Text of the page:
Thursday, March 15, 2012 3:55 PM EDT
Remember Carrie from Sex and the City? (Of course you do.) Well, while Ms. Bradshaw might have had a propensity for social smoking, her famous quip about it equally applies to the way I feel about shoes: “I have an addiction, sir!”
A closet overflowing with shoes had led my husband to inform me that I did not need any more footwear, ever. Was he kidding? Of course I needed more shoes! One can never have enough shoes.
But what if one needs closet space for *gasp* other things? The time has come to revisit my use of closet space...
STAGE THREE: THE CLOSETS
I’ve been de-cluttering and organizing my messy, messy house with the help of Toronto-based professional organizer Tina Blazer of Spot On Organizing. During our initial ‘cull and sort’ day, Blazer suggested I consider storing my shoes in a more efficient manner: a shoe rack.
Why didn't I think of that? Not only did it accommodate my existing shoe collection, but it created more space for more shoes! At least two empty spots resulted from adding the shoe rack, and you can imagine they won't stay vacant for long.
Pretty straightforward. We moved from closet to closet, pulling and sorting items into our daily, weekly, monthly and never piles (just like we did the day before, in my home office).
Therapy side note: Blazer kindly implied that I was not directly to blame for the state of our closets. A household’s biggest challenge is working with less than ideal closet space (which is most homes, unless you can afford that dream reno). Couples often find themselves struggling to share a small closet in the master bedroom and for this reason, she recommended we consider an additional wardrobe unit where a mirror currently hangs.“You’ve got a small space,” she pointed out, “so that’s prime real estate!”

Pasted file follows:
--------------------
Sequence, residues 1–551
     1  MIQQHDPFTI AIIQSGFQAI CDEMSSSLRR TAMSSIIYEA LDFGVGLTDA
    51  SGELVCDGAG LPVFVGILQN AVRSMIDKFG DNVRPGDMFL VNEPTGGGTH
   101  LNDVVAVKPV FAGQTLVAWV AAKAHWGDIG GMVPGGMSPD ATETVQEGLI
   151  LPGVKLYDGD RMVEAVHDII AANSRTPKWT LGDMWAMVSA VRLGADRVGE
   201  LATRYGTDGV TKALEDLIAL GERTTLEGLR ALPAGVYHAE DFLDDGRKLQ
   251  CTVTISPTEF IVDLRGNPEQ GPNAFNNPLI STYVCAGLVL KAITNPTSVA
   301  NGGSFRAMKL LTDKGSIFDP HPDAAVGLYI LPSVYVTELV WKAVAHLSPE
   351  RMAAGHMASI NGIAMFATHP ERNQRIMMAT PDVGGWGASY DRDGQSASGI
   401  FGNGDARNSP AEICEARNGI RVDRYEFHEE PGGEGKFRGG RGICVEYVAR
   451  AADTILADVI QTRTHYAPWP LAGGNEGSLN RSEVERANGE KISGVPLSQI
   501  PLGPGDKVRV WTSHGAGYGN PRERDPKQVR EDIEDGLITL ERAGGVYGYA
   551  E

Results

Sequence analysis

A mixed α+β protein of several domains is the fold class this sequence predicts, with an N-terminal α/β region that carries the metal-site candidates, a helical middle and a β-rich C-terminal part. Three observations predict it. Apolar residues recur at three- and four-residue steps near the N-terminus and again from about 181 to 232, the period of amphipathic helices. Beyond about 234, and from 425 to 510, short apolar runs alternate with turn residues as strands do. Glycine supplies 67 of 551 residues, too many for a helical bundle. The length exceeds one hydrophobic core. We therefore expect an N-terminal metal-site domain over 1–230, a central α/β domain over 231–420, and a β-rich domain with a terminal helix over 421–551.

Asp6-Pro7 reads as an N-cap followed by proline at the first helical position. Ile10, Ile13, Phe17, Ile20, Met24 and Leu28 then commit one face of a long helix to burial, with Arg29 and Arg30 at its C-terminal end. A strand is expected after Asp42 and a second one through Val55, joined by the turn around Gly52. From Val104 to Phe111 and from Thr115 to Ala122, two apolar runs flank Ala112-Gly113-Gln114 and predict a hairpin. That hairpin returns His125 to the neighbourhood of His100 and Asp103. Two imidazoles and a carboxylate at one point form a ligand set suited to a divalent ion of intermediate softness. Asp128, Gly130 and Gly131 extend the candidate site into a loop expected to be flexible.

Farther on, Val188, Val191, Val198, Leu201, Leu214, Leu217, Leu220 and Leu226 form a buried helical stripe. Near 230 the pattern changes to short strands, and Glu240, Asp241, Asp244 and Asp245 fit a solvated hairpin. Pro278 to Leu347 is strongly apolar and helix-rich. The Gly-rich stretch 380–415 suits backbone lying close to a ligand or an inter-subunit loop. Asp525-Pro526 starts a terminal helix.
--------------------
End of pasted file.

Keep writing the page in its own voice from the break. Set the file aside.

But I wasn’t willing to part with the mirror, a pine piece from my childhood with sentimental value, and a wardrobe wasn’t in the budget quite yet. So I decided to work with the space as is, which, in a home built in the 1920s, meant closets that are deep, dark and not especially efficient.
What we used:
• Umbra Nickel Five-Hook Racks, for the backs of doors ( $24.99; Solutions Stores)
• 20-pair shoe rack ($18.99, Canadian Tire)
• Lynk Chrome Double Hangers ($18.99, Solutions Stores)
Since my husband wasn’t home to protest, we made the executive decision to move his stuff out of our closet (obviously too small for two adults!) and into our son’s closet. He wouldn’t mind, right? And just look at the results!
Tomorrow on “Clutter Gut Job”, Blazer and the gang from Eureka! Furniture Assembly and Installations begin the Big Organizational Set Up (plus, I’ll tell you how my husband reacted to the closet shift).